MELBOURNE (May. 6)
The Australian government was today asked to give assurances that pro-PLO sympathizers would not be allowed to import Middle East violence. The leader of the opposition, Malcolm Fraser, called for the assurances after a violent clash Sunday between Jewish students and Arab supporters in Melbourne.
The clash was the most serious outbreak of violence between local Jews and Arab supporters since the politics of the Middle East became a significant issue in Australia after the Yom Kippur War. In the fighting Sunday more than 20 people were injured; two Jewish students were taken to the hospital, and a 70-year-old Jewish spectator received severe head injuries after being beaten with a banner pole.
The clash erupted outside the head office of the Australian Union of Students where two visiting Palestinian students, Eddi Zananiri and Samir Chiekh, were holding a press conference. The two represent the General Union of Palestinian Students (GUPS), which is affiliated to the PLO and calls for the destruction of Israel.
The group of some 50 demonstrators was taken by surprise when more than 100 Arabs and PLO sympathizers who were participating in a May Day march in the neighborhood attacked them with sticks and placards. Police broke up the fighting and arrested three Arabs. No charges were made.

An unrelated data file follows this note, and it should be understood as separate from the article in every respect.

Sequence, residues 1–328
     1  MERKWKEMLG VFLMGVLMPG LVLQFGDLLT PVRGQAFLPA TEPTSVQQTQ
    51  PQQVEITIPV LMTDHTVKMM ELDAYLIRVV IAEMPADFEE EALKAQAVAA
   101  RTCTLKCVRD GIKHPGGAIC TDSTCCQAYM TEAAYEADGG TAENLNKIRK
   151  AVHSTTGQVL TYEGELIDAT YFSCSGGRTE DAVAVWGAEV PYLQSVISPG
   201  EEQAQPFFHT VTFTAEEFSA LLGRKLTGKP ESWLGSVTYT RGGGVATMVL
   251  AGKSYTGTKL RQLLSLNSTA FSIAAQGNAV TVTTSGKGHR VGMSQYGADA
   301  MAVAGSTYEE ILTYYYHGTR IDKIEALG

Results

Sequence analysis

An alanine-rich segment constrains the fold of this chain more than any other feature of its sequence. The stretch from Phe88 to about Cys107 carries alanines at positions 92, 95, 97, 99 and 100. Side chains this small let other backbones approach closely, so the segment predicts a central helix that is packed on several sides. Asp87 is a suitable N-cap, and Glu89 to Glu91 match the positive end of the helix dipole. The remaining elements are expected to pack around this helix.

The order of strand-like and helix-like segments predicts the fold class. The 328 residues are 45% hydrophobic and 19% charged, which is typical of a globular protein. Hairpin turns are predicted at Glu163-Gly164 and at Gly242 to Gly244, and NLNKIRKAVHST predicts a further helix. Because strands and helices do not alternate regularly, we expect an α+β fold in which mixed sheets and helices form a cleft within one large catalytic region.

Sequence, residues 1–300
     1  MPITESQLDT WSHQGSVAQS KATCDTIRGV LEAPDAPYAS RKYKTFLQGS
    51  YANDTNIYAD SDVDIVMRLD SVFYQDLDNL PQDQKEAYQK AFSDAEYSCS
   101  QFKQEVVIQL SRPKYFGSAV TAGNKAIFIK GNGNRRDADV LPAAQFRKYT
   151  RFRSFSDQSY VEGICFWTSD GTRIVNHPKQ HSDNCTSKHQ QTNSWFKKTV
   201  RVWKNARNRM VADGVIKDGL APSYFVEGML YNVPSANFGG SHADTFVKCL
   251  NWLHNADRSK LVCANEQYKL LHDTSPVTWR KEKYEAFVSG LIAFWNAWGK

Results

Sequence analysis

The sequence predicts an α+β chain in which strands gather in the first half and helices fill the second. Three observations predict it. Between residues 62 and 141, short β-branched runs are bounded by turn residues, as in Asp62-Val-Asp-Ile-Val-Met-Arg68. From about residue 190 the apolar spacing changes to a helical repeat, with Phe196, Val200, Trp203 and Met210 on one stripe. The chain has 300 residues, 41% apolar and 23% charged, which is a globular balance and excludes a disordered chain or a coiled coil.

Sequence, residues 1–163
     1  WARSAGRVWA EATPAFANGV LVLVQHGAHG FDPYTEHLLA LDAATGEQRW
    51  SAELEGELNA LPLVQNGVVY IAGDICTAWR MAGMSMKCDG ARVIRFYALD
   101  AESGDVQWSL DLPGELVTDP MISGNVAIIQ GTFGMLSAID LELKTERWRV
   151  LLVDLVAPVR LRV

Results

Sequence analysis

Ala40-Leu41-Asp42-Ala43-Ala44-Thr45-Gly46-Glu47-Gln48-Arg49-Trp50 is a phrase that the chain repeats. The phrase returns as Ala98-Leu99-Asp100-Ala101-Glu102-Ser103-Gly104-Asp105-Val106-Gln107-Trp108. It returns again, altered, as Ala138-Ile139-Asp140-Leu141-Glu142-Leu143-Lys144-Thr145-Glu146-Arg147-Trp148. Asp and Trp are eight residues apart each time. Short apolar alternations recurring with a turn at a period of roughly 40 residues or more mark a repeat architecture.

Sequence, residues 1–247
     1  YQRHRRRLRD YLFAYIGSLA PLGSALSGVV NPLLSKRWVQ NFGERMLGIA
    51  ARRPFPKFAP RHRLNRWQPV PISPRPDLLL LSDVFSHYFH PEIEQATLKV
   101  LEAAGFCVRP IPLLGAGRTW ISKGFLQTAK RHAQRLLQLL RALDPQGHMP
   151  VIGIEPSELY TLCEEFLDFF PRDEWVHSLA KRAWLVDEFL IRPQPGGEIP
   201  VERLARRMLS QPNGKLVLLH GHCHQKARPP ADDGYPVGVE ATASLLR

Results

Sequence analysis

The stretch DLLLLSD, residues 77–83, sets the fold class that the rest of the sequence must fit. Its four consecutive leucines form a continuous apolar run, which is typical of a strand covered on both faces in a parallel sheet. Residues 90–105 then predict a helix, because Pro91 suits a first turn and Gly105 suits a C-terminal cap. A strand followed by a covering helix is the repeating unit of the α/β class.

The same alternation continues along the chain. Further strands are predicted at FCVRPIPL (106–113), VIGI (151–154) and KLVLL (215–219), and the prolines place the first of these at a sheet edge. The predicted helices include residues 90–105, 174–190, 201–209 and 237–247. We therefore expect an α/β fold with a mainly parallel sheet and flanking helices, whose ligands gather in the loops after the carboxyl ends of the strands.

FEARS OF PLO ENTRY
The clash was headline news in all media and has focussed attention on the political campaign being waged against Israel on Australia’s university and college campuses by the left-wing student leadership. Although the general student population on all campuses last year overwhelmingly defeated a series of violently anti-Israel resolutions, the leadership this year introduced them again. The Palestinian students were invited as part of the anti-Israel campaign. By granting them entry visas the Australian government has renewed fears here that a senior delegation of the PLO chosen to represent Yasir Arafat will, in due course, be allowed entry to Australia.
The opposition parties, who have stated the PLO should not be allowed entry to Australia, were today critical of the Labor government’s official attitude of “ambiguity” towards the PLO. Fraser said the government of Prime Minister Gough Whitlam appeared to be involved in “double dealing” on the Middle East. He asked Whitlam to let him see on a confidential basis the copies of diplomatic exchanges between Israel, the Arab countries, the Soviet Union and the United States where these messages touched on Middle East policies. Whitlam is due to meet President Ford in Washington tomorrow.